We live in an era of artificial intelligence (AI). Even those who don’t own self-driving cars or operate drones from their phones use AI every day in some form or another. Social media algorithms, smart home assistants, virtual banking, streaming services, predictive text messaging—there seems to be no field that AI has not entered and completely changed. And that’s not a bad thing; AI makes our lives easier. As Sabine Hauert, cofounder of, says, the ultimate goal of AI should be to take on the “difficult, demanding, dangerous, [and] dull” jobs, allowing humans to focus on what’s left.

However, AI’s reach into jobs that have previously been done only by humans is worrisome to some. In the past decades, several automated writing evaluation (AWE) software programs have been created to help writers proofread, spellcheck, and improve their writing. With the success of other AI technology and AWE’s ease of use and access, some worry that traditional human editors will fade into obsolescence.

Fortunately, such a future is unlikely. AWE does provide helpful tools, but it cannot replace a human editor. While it can supplement and complement the work of an editor, it shouldn’t be used exclusively. Editors provide nuanced feedback, are overall more accurate than AWE, and help writers learn from mistakes. However, editors in the digital age could use AWE to increase productivity and overall efficiency.

One writer at Grammarist says that she uses several AWEs in her editing, running her manuscripts first through the built-in spellcheckers in Microsoft Word, then Google Docs, and finally through Grammarly—a practice that would prompt gratitude from any editor. It should be noted, however, that before and after using any AWE, she proofreads her writing to catch mistakes an AWE may not.

Editors could also opt to use AWEs only for specific aspects of editing. For example, reference sections are crucial in academic writing. However, formatting reference sections is incredibly nuanced and changes depending on which style is used. Researcher Yeonwook Kim suggests that AWEs such as Edifix, an AWE specifically for proofing references, and PerfectIt could be used to find and correct most of the errors in a reference section, leaving the human editor more time to address other, more refined issues (Kim 2020).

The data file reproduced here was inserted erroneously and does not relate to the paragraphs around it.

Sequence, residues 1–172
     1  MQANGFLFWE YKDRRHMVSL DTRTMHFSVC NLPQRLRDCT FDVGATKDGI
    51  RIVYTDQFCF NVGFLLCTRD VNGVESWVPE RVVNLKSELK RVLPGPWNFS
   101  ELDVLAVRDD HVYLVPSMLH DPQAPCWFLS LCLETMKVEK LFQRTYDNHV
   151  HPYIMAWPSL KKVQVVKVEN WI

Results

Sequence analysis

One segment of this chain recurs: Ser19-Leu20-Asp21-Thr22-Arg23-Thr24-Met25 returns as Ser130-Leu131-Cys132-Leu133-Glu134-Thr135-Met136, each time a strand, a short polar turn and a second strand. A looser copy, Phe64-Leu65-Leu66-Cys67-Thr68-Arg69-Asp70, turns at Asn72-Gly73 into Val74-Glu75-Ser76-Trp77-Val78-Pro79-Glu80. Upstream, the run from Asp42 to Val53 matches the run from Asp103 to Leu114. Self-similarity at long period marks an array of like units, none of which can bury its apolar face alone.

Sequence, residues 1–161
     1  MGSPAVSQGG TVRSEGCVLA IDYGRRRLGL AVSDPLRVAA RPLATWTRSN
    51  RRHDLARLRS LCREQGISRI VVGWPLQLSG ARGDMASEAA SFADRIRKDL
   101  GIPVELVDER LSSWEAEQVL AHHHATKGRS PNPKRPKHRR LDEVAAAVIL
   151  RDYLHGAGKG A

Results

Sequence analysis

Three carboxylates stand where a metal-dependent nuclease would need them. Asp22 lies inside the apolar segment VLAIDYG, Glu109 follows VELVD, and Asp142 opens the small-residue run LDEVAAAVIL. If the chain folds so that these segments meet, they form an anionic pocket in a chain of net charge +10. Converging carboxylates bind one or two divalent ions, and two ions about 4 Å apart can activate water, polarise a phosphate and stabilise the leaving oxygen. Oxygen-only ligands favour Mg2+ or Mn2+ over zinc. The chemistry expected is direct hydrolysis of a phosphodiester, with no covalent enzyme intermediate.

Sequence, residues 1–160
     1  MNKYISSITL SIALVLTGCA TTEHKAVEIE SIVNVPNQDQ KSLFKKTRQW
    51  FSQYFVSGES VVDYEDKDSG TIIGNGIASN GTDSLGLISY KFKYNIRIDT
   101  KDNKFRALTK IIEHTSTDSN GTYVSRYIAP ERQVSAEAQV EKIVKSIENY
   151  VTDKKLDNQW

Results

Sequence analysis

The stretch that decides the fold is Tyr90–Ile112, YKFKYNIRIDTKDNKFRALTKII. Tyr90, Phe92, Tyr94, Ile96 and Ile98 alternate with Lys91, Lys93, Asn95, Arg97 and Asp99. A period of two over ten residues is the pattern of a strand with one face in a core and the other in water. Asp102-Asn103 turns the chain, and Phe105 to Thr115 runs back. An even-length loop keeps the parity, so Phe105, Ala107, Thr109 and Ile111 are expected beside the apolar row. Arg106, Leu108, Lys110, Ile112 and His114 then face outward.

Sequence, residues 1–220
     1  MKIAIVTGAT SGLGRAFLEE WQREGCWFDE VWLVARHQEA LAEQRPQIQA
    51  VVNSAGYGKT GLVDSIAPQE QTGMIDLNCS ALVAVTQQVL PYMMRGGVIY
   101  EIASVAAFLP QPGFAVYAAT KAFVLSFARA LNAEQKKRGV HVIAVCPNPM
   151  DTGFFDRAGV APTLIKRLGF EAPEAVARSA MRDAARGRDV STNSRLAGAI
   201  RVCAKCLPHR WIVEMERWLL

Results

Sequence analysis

Another option for editors is the lesser known FRedit, a macros-aided editing technique conceived by Paul Beverley in his online book Macros for Editors. FRedit allows editors to use the macros option in Microsoft Word to automatically find, delete, or replace common and repeated global errors. Learning how to set up macros is simple and requires only a short video tutorial and some practice, after which editors can program their own macros into their FRedit document.

A FRedit macros might change all double hyphens to an em dash, convert straight quotes to smart quotes, correctly format ellipses according to the Chicago Manual of Style, delete extra spaces between words, and highlight any instances of open-ended quotes—all at once and with just a few clicks. This function is especially helpful for editors working on long manuscripts, when edits such as those listed above might number in the hundreds or even thousands. On his website, Beverley has a long list of sample edits that can be done by FRedit and how to code them in macros, but they all focus on correcting mechanical errors such as punctuation or formatting, leaving the more individualized, subjective editing to an actual editor.

Whatever combination of AWEs editors choose, they should remember that AWE programs are never a replacement for human eyes on a page. Even assisted by AI technology, editing is a meticulous, time-consuming job. Cutting corners by trusting too completely in an AWE will result in less correct, less personalized, and overall less helpful editing.

AWEs such as FRedit and Grammarly can’t replace human editors, but they can be used in conjunction with traditional editing to increase productivity and allow the human editor to focus on more individualized feedback. Editors provide something that AI has yet to achieve: empathy and connection, two skills that are absolutely vital for effective editing.

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